Possible Iran Sanctions Cause Worry In Greece

Jan 5, 2012
Originally published on January 6, 2012 12:55 pm
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The European Union is expected to ban Iranian oil imports later this month. The effort is meant to dissuade Tehran from pursuing a nuclear weapons program.

But Joanna Kakissis reports that the sanctions could also hurt Europe and especially Greece, which is worried about fuel shortages.

JOANNA KAKISSIS, BYLINE: Analysts say that the ban could deepen Europe's recession by causing oil prices to rise. But the intent of the sanctions is to make things tougher for the Iranian government. Iran now sells about 20 percent of its oil to Europe, with Italy, Spain and Greece its top customers. Greece imports about a third of its crude from Iran. The two countries have had strong ties for years.

Evangelos Venetis, an Iran scholar in Athens, explains.

DR. EVANGELOS VENETIS: Greece has been one of the most friendly countries towards Iran in the 20th century and - both prior and after the Islamic Revolution. Both countries share a mutual respect, and these have an impact on political and economic relation.

KAKISSIS: And economic relations are very important to Greece right now. It's weathering its worst debt crisis in recent memory. This has put Greeks in a bind, says Robin Mills, an energy consultant in Dubai.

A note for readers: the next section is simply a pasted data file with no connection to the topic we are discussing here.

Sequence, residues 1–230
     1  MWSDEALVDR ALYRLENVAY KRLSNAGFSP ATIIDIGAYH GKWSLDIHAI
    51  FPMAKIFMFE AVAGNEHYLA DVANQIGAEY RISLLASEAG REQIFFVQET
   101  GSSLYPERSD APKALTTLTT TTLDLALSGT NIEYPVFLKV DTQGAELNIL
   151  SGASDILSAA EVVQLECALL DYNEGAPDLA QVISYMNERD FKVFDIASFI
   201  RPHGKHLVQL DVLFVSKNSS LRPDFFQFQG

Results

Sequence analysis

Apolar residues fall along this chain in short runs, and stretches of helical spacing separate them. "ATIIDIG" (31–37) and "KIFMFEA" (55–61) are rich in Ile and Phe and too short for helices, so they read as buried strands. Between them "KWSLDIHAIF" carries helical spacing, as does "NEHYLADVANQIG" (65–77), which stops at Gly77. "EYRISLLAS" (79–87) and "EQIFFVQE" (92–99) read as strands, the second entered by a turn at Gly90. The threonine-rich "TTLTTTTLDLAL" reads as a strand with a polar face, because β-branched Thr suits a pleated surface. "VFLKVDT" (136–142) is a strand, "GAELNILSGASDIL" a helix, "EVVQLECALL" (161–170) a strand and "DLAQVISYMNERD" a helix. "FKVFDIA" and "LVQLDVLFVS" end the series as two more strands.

ROBIN MILLS: One reason why Greece is so dependent on Iranian oil right now is because of the credit terms, and Iran has been prepared to offer very easy credit. And I don't think any other supplier - whether Russia or somebody else - would be so keen to offer easy credit. There'd be no real reason for them to do so.

KAKISSIS: Mills says he expects the E.U. to help Greece find other suppliers.

MILLS: So what would be expected, I think, if the E.U. were to put sanctions on Iranian oil is that probably, it would do what it did with Syria earlier in 2011, when they put sanctions on Syrian oil. They gave several-month period of - a grace period for the refineries and the oil customers to find other suppliers, before their sanctions came fully into force.

KAKISSIS: Greece also has other options to alleviate fuel shortages. Energy journalist Kostis Geropoulos believes Russia and Kazakhstan would sell oil at a discount. And Geropoulos says...

KOSTIS GEROPOULOS: There could be more natural gas. I mean, Greece is already importing natural gas. They could use more coal. And there could be a lot more conservation going on.

KAKISSIS: And in this economy, Greeks are already conserving fuel. They took about 250,000 cars off the road last year to save money.

For NPR News, I'm Joanna Kakissis in Athens. Transcript provided by NPR, Copyright NPR.